Putnam’s early drag persona was angry. Tina Angst was a punk Riot Grrrl who performed to Le Tigre and Gossip, the Raincoats and X-Ray Spex. She was an act of aggression against these clubs, but she was pretty enough—and he performed well enough—that crowds liked her. But living in that kind of anger wasn’t sustainable, nor was it the way to create the kind of queer space he craved.
Putnam started finding his own queer community when he found the Chicago Kings, a group of drag kings doing “really scrappy, messy work that was not in any way refined, but had content. It was all super political, super feminist.” He became the only queen in a troupe of drag kings who were all also burlesque dancers—a commingling that would become a recurring theme in Putnam’s professional life.
He took a cue from Miss Foozie, a Chicago scene fixture in a feather wig, who handed out toys and called everyone “Pineapple.” People in the clubs those days were angry and mean and bitter and catty, Putnam remembers, but something shifted when Miss Foozie came in. “She was this maternal figure to all these lost children,” he says. “That’s part of this tradition of third-gender people as spiritual leaders and connectors, and I realized, Oh, that’s how you actually heal this stuff.” So BenDeLaCreme was born.
But if DeLa’s enthusiasm is the lure, Putnam’s writing is the hook. “[DeLouRue show] Freedom Fantasia was very much like, ‘I’m excited to talk about the Fourth of July! Oh, right—slavery and genocide.’ Inferno is, ‘We’re going to do this fun crazy story! Oh, right—moral relativity and the ways we are cruel to each other.’”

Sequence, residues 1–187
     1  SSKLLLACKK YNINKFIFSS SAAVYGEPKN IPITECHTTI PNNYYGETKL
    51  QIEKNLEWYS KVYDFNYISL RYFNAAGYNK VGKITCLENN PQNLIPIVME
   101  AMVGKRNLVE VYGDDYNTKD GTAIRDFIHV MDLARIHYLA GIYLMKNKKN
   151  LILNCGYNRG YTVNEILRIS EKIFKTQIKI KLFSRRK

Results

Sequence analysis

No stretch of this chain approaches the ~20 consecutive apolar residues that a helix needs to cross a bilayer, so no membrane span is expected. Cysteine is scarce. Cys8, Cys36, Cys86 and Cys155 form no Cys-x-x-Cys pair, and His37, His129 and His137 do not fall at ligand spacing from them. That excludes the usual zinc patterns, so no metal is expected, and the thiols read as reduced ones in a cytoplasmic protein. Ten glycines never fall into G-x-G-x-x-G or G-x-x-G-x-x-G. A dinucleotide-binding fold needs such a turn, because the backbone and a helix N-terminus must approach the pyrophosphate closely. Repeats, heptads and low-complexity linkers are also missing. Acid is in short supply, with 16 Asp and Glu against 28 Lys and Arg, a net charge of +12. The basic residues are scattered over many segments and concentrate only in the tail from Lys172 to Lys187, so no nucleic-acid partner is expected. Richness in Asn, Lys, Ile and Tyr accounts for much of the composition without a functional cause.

When Putnam dropped out of school and moved to Seattle (“I don’t know, I was just pointed West”), the burlesque world was again where he found his home, meeting people such as Waxie Moon, Kitten N’ Lou and the Atomic Bombshells. DeLa became a fixture in the local cabaret/burlesque scene, but, like so many modern queens, Putnam’s career took off nationally and internationally after his appearance on Drag Race, something he resisted for a long time.
“I was using [DeLa] as a device in shows, but that’s always what she was, a device,” he says. “Her positivity limits her scope.” When Putnam finally decided to go for Drag Race, he intended to stay true to his character, even if he seemed crazy or annoying, because he wanted to set up people’s expectations for what they would see on stage.